Life got easier. All the things that I’d been wrestling with, from feeling sort of useless as a human to getting enough exercise to my exhaustion from heavy social interaction. It all faded away to the background. I had finally brought the right thing into focus. My one thing. I brushed away the fleeting thought that I’d wasted a lot of time getting here. If you’re a writer, I rationalized, it’s all research and material, no matter what you’ve been doing.

If you’re doing NaNoWriMo next month and want a writing buddy, you can find me on the site at MMJayne.

Gratitude

Thank you to the Writers’ Studio, a group of lovely and talented people I joined in September. Having that space to read, write, listen, and talk about writing has encouraged me to embrace my one thing.

Thanks also to Amy, who has bravely embarked on a nonfiction collaboration with me. I love that our connection has found new ways to expand and grow.

And last, but definitely not least, thank you for reading, subscribing, or commenting. As I canstockphoto31378283close in on this blog’s seventh anniversary, I marvel at how much the online world has changed since I began, but that I still enjoy writing here. With so many things grabbing our attention, it becomes harder to find community and connections. Anything we do to improve that, from connecting with bloggers on the other side of the planet to giving each other an encouraging Like or Hell, Yeah in the comments – these things do make a difference.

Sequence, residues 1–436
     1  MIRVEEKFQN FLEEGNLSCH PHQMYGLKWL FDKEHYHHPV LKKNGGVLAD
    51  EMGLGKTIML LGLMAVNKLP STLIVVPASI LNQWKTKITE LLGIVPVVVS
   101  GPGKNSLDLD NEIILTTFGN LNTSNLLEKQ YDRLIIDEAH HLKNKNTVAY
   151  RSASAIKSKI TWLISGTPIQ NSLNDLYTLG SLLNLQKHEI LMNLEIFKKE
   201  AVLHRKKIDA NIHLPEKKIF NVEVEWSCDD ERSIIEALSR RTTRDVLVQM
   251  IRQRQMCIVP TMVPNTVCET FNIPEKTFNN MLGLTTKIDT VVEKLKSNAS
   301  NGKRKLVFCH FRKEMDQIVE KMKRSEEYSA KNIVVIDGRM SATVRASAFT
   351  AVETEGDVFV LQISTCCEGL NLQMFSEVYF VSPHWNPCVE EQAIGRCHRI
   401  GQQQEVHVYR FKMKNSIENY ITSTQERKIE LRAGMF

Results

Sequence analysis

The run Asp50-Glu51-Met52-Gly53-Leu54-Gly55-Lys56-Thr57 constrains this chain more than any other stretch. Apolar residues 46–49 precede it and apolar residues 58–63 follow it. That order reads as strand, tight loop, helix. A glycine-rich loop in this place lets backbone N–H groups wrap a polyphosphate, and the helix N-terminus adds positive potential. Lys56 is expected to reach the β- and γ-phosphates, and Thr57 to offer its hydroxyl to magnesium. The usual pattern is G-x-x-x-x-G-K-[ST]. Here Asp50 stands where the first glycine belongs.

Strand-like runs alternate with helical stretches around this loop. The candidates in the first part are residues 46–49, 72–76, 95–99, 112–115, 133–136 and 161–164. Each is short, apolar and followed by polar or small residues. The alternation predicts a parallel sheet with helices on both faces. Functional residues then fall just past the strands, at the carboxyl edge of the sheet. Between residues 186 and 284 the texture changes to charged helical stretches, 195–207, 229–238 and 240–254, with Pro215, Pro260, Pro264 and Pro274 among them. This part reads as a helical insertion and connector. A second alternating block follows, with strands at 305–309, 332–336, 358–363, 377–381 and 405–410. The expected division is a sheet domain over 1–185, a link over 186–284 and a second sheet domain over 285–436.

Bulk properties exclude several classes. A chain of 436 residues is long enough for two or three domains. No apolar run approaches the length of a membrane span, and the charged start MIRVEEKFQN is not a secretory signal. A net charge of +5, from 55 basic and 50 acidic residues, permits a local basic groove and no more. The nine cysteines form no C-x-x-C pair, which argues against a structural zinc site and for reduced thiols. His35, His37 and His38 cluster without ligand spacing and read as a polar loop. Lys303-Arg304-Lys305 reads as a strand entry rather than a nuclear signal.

21 Comments on “Epiphanies at The Green Study

  1. Great news that you are writing. Enjoyed the don’t touch sign of a broom and dustpan. I need to learn to leave housework behind as you did. Low priorities need to take a backseat to our work. So I’m pleased and excited for you.

    Hugs, Deborah

    Like

    • Thanks, Deborah! My psyche has let out a huge sigh of relief: oh, so this is what I’m supposed to be doing. I don’t think I’ve learned this lesson as a permanent state, though. We’re constantly in flux and I imagine I’ll have to re-learn this again and again, hoping that most of the time I get it right.

      Liked by 1 person

      • Thanks for your reply.

        I know what you mean about the lesson of the One Thing. I’ve forgotten it for now coping with numerous health issues, none of which are fatal. I do hope I can get back on that horse and write daily.

        Liked by 1 person